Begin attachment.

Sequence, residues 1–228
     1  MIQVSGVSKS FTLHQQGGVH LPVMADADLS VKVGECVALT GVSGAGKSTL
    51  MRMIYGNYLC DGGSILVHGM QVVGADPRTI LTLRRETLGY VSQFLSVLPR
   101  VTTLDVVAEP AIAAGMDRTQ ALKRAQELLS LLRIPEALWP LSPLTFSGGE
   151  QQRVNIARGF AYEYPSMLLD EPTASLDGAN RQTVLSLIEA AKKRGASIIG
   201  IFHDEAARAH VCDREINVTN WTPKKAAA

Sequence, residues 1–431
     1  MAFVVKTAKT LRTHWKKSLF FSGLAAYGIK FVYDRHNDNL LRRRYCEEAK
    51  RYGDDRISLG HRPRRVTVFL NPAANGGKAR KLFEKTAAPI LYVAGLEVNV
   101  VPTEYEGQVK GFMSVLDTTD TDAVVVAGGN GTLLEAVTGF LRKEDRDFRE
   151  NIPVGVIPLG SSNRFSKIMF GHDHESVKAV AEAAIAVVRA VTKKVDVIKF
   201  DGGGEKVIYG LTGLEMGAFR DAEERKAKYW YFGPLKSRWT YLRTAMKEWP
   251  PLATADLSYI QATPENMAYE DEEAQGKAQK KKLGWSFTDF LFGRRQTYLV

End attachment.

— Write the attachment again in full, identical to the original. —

Sequence, residues 1–228
     1  MIQVSGVSKS FTLHQQGGVH LPVMADADLS VKVGECVALT GVSGAGKSTL
    51  MRMIYGNYLC DGGSILVHGM QVVGADPRTI LTLRRETLGY VSQFLSVLPR
   101  VTTLDVVAEP AIAAGMDRTQ ALKRAQELLS LLRIPEALWP LSPLTFSGGE
   151  QQRVNIARGF AYEYPSMLLD EPTASLDGAN RQTVLSLIEA AKKRGASIIG
   201  IFHDEAARAH VCDREINVTN WTPKKAAA

Sequence, residues 1–431
     1  MAFVVKTAKT LRTHWKKSLF FSGLAAYGIK FVYDRHNDNL LRRRYCEEAK
    51  RYGDDRISLG HRPRRVTVFL NPAANGGKAR KLFEKTAAPI LYVAGLEVNV
   101  VPTEYEGQVK GFMSVLDTTD TDAVVVAGGN GTLLEAVTGF LRKEDRDFRE
   151  NIPVGVIPLG SSNRFSKIMF GHDHESVKAV AEAAIAVVRA VTKKVDVIKF
   201  DGGGEKVIYG LTGLEMGAFR DAEERKAKYW YFGPLKSRWT YLRTAMKEWP
   251  PLATADLSYI QATPENMAYE DEEAQGKAQK KKLGWSFTDF LFGRRQTYLV